Under the NES-PF, some activities require giving notice to regional – and in some cases district – councils before commencement. Earthworks, river crossings and quarrying all have notification requirements. If you do not provide this information, the activity will not meet permitted activity status.
If the activity is not permitted, it requires a consent from the council or councils. Under the NES-PF they generally default to either a controlled or restricted discretionary category. Controlled activity consents will always be granted if they meet the specified matters over which the council can exercise its control. Applications can only be refused if they are not complete. Restricted discretionary consents give council the authority to decline the consent, or grant it subject to conditions, but only on matters to which the regulations have restricted its discretion.
If the forest owner or contractor believes that it will not always be possible to comply with the permitted activity regulations, they can ‘contract out’ of any given regulation by applying for a resource consent for that non-complying subset of the activity. For example, a discharge permit (a specific category of resource consent) might be sought for runoff in big storms if the roading contractor deems it unlikely or impossible to always comply with NES-PF Regulation 26 (sediment). This requires that there be no ‘conspicuous change in colour or visual clarity’ in receiving waters below the activity area.
The assessment of effects on the environment (AEE) in support of a discharge permit might be for runoff in a greater than one in 5 or one in 10-year storm event as it is unlikely that the council will grant a discharge permit for an annual storm.
2.1.4 Management plans
The NES-PF requires a management plan to be prepared for almost all forestry earthworks and quarry activities, and all harvesting. The NES-PF regulations require that some of these will need to be submitted to regional councils or unitary authorities, however councils may specify whether or not they wish to have the management plans submitted.
Management plans need to clearly identify any environmental risks and specify how the activity will be carried out in compliance with the regulations. Management plans are meant to strike the balance between certainty for councils around what needs to be included in the plan, with some operational flexibility for foresters on how this will be carried out. Management plan content is expected to be proportional to the complexity of the operation and risks of the site. The plan should strike a sensible balance between the amount of detail on risk and practice identification and the cost of plan preparation.
When preparing a management plan, it is essential to:
- Demonstrate site knowledge
- Have a process to identify risks
- Explain how risks will be managed.
Creating a management plan is not a ‘tick box’ or ‘cut and paste’ exercise. The specific matters that must be covered in a management plan are covered in Schedules 3 and 4 of the NES-PF. Forestry earthworks and harvesting plan requirements are in Schedule 3 and quarry, erosion and sediment are in Schedule 4. Forest managers must produce management plans.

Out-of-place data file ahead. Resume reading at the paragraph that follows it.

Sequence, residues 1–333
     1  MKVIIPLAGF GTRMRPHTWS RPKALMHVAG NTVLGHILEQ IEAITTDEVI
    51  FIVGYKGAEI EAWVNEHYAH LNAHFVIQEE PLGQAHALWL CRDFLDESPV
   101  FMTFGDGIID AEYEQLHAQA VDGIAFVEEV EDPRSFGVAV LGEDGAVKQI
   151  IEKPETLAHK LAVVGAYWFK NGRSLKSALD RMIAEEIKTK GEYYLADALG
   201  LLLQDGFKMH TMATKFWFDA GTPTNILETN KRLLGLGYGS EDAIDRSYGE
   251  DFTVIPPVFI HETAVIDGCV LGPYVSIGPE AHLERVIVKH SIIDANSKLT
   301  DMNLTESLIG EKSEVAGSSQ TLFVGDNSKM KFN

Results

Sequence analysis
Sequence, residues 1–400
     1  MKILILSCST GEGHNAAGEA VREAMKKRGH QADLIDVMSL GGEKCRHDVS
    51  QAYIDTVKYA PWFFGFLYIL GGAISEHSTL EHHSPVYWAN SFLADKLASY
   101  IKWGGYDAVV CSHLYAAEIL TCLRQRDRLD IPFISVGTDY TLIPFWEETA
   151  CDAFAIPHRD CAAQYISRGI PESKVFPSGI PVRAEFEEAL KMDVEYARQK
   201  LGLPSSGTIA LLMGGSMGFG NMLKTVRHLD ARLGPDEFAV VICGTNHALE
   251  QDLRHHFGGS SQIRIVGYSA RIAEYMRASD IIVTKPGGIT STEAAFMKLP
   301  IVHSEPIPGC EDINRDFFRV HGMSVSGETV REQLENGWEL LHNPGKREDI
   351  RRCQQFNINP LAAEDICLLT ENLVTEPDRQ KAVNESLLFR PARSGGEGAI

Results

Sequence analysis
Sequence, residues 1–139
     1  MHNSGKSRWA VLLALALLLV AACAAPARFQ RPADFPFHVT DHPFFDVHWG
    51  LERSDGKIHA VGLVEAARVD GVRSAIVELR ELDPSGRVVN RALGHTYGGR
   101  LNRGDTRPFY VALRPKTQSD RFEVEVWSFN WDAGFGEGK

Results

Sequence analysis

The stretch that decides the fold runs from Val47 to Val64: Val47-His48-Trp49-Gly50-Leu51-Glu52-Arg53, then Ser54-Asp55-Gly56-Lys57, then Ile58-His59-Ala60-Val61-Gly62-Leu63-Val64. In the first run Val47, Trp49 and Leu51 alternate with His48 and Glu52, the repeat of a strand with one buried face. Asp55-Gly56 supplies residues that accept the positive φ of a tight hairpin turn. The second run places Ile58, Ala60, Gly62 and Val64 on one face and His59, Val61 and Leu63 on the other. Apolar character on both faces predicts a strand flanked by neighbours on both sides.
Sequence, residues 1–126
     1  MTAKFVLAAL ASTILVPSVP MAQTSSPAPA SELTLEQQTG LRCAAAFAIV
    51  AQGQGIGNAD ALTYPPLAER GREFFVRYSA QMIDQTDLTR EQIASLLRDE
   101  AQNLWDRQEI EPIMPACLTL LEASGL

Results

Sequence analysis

2.1.5 Forest Practice Guides
A useful tool to assist with developing management plans are the Forest Practice Guides (FPGs). The FPGs were developed by Te Uru Rākau (Forestry New Zealand) and the FOA to describe forestry practices and include guidance on how to manage environmental risks. For example, earthworks have many FPGs including clearing and stripping, bulk earthworks, and placement and compaction. The FPGs are hosted on the NZ Forest Owners Association website.
The FPGs can be referenced in management plans to detail the measures that will be undertaken to manage environmental risks. The FPGs are not compulsory to use, so you can use other tools such as forest company standards and guides.
The FPGs are written to provide enough detail so managers can construct plans to a good standard, and for councils to assess whether the practice has been carried out correctly. Just like any other information written into a management plan, councils will expect to see these practices carried out on the ground. If it is intended that the company will only use parts of a particular FPG, it is important that this is made clear in the management plan.
2.1.6 Consent process
It is advisable to work with the relevant council from the beginning of the process, especially for large or complex projects that require consent. If the works require consent, it is important to start the consent process early, well before the project is due to start, to ensure delays to the project are avoided.
It is important that adequate information is provided with the consent application. If council requests further information on the consent application, it ‘stops the clock’ on the process until the information is provided. This can significantly lengthen the consent processing timeframe. Refer to your council, the Ministry for the Environment website or the quality planning website for specific details on the consent process.